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African leaders meet with Gbagbo to deal with Ivory Coast crisis

From Eric Agnero, For CNN
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Political stalemate in the Ivory Coast
  • NEW: Incumbent government threatens to expel some ambassadors
  • The leaders of Sierra Leone, Cape Verde and Benin are meeting with the candidates
  • Incumbent Laurent Gbagbo and challenger Alassane Ouattara both claim victory
  • West African leaders warn Gbagbo to step down or face military force

Abidjan, Ivory Coast (CNN) -- Three African presidents met with their defiant counterpart in Ivory Coast Tuesday in an effort to defuse the country's political crisis.

No details of the meeting in Abidjan, the administrative center of the conflict-torn country, were immediately available. But incumbent President Laurent Gbagbo's ministers had already signaled that the man who believed he had won Ivory Coast's presidential election had no intention of stepping down.

Presidents Yayi Boni of Benin, Ernest Bai Koroma of Sierra Leone and Pedro Pires of Cape Verde were next meeting with Gbagbo's challenger, Alassane Ouattara, who also claimed victory at the polls and who has the international community's support as Ivory Coast's legitimate leader.

The three heads of state represent the 15-member Economic Community of West African States (ECOWAS), which held an emergency meeting last Friday in Nigeria and delivered an ultimatum to Gbagbo: Step down or face the threat of military force.

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Gbagbo's Minister of Interior Emile Guirieoulou said Sunday the three leaders would be "received as brothers, friends."

"We will listen to them, listen to the message they are carrying," he said. "If they abide to our constitution, we're going to talk ... our constitution is not negotiable."

However, Foreign Affairs Minister Alcide Djedje said Gbagbo would not step down.

The ECOWAS delegation met earlier Tuesday with Young-Jin Choi, United Nations Secretary-General Ban Ki-moon's special envoy; and a representative of the African Union.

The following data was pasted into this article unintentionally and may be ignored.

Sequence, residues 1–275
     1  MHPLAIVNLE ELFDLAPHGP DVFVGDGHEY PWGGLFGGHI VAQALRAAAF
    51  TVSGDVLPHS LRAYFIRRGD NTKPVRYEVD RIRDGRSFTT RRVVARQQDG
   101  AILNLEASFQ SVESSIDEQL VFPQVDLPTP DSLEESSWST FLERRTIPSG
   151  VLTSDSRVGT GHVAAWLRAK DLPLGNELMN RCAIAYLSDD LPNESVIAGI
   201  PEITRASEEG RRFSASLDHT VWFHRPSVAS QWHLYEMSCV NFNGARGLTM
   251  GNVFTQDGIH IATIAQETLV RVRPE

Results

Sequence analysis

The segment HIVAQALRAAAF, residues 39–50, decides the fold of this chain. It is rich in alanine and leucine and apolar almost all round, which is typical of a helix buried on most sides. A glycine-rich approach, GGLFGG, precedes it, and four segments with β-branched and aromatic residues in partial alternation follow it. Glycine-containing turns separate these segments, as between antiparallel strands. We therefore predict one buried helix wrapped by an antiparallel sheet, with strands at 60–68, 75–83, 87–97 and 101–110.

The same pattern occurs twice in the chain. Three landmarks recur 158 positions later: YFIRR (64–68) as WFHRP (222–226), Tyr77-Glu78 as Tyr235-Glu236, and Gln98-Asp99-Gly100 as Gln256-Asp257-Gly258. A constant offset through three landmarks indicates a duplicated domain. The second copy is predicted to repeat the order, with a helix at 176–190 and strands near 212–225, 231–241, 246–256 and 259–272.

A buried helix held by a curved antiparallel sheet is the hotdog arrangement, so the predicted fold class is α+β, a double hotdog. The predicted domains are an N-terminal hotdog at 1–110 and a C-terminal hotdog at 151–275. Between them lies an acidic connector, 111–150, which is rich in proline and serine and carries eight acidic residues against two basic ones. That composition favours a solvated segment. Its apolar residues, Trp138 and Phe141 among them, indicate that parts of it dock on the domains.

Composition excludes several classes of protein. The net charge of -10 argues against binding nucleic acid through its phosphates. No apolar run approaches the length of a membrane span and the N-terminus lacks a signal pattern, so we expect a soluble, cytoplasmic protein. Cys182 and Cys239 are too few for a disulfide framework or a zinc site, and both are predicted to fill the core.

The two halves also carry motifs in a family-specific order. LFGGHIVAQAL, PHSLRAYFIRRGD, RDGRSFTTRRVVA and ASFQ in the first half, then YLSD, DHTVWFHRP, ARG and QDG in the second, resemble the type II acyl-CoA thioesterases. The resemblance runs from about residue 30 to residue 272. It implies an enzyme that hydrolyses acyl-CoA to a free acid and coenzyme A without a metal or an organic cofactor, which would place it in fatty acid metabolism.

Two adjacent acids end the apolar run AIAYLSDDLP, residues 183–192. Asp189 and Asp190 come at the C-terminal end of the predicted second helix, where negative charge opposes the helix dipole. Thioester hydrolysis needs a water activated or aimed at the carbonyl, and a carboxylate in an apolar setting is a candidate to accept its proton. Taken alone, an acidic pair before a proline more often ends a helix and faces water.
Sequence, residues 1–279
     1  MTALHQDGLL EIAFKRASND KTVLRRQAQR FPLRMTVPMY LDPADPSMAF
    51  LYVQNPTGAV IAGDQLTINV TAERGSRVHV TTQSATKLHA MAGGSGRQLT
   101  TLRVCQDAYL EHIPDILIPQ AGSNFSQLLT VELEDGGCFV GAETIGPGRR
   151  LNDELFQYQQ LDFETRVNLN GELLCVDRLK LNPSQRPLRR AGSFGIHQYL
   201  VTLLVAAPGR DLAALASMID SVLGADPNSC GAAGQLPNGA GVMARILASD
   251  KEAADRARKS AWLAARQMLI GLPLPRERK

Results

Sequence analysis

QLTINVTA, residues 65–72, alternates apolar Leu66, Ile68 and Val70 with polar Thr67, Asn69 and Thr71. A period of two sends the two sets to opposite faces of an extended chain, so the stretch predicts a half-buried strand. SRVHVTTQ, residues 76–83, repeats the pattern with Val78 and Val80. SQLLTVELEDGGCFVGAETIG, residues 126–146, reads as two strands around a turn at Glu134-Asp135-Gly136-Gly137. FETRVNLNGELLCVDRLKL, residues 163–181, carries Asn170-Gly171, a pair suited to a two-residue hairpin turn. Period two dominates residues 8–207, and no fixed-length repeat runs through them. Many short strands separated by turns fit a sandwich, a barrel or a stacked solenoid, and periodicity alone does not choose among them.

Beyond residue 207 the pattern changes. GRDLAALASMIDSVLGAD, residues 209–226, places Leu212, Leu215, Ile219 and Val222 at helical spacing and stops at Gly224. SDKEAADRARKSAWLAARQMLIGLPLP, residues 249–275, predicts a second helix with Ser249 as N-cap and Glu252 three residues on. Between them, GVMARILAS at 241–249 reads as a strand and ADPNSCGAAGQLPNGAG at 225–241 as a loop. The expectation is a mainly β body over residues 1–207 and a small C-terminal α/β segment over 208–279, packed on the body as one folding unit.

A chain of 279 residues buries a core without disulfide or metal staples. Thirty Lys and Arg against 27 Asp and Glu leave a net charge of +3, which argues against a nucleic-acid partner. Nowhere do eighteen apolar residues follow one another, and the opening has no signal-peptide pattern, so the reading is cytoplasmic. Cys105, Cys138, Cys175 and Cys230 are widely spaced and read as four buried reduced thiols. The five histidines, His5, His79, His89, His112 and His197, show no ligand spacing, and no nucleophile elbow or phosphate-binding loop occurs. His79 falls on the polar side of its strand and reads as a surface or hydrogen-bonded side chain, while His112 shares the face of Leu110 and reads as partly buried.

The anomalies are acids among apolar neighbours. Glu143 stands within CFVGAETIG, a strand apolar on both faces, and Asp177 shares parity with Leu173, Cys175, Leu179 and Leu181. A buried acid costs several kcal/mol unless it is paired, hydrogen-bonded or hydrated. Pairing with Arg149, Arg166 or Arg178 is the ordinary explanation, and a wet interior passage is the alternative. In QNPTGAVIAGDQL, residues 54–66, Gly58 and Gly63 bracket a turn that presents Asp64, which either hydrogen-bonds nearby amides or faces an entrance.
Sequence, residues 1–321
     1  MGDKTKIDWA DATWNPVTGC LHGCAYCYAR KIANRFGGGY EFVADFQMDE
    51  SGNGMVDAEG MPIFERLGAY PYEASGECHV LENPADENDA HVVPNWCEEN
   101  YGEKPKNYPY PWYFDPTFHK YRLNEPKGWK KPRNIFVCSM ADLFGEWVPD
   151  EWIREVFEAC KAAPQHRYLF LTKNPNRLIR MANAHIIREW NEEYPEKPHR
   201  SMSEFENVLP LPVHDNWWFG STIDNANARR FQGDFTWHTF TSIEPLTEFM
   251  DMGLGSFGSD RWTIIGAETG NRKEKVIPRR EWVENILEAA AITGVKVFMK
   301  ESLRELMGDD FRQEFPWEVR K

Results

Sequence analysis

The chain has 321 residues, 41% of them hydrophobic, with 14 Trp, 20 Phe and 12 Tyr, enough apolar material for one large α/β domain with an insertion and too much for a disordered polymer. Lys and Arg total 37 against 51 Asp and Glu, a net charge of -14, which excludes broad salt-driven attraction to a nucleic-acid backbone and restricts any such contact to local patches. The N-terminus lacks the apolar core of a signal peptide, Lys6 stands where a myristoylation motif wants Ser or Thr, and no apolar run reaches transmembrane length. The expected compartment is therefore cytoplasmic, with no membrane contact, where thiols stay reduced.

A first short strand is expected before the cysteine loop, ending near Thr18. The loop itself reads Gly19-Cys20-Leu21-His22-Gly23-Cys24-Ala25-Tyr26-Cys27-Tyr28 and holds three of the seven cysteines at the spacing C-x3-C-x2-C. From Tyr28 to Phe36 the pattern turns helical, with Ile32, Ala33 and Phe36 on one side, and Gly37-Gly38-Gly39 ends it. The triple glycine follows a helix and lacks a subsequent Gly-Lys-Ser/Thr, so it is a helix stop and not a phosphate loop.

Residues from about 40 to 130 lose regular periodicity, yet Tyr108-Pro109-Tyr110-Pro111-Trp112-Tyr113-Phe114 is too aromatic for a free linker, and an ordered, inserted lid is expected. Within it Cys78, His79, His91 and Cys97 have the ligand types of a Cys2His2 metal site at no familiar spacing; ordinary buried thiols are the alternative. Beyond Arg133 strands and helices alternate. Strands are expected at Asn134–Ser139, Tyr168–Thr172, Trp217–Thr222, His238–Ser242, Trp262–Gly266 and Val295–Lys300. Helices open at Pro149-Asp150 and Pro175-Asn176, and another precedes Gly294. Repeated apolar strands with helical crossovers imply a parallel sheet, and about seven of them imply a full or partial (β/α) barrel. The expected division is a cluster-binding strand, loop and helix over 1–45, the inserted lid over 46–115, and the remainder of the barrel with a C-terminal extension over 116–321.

It's unclear if ECOWAS intends to make good on its threat or what kind of force would be used. It has intervened before in Liberia and Sierra Leone.

Ivory Coast's Independent Electoral Commission, backed by the United Nations, declared opposition leader Ouattara the winner of a November runoff. But its Constitutional Council invalidated those results and declared incumbent Gbagbo the winner.

The international community, including the United States, the United Nations and the African Union, has recognized Ouattara as the winner and urged Gbagbo to cede power.

The incumbent government on Tuesday threatened to expel ambassadors of countries that recognize Ouattara's ambassadors, according to Ahoua Don Melo, the government spokesman.

Speaking on national television, he said the move would be a measure of reciprocity. The threat seems to take aim at France and Belgium. France has said it would review the credentials of an ambassador appointed by Ouattara, while Belgium has said it would recognize the Ouattara appointee.

The political stalemate has thrown Ivory Coast into crisis and scores of people have died in related violence.

A convoy of Bangladeshi peacekeepers came under attack Tuesday in Abidjan, the United Nations said. The U.N. peacekeeping mission said one soldier was slashed in the arm by a machete and a U.N. vehicle was burned.

The African Union has suspended Ivory Coast from the organization "until such a time the democratically elected president effectively assumes state power." And the World Bank has halted lending and disbursing funds to Ivory Coast and has closed its office in the country.

The U.S. Department of Defense currently has a group in Abidjan looking into the possible evacuation of U.S. citizens. State Department spokesman Mark Toner confirmed it was a "small DoD assessment team on the ground at the embassy in Abidjan to help with contingency planning."

More than 15,000 refugees have fled for neighboring Liberia, according to the U.N. High Commissioner on Refugees, a large number of them women and children.

CNN's Jill Dougherty contributed to this report.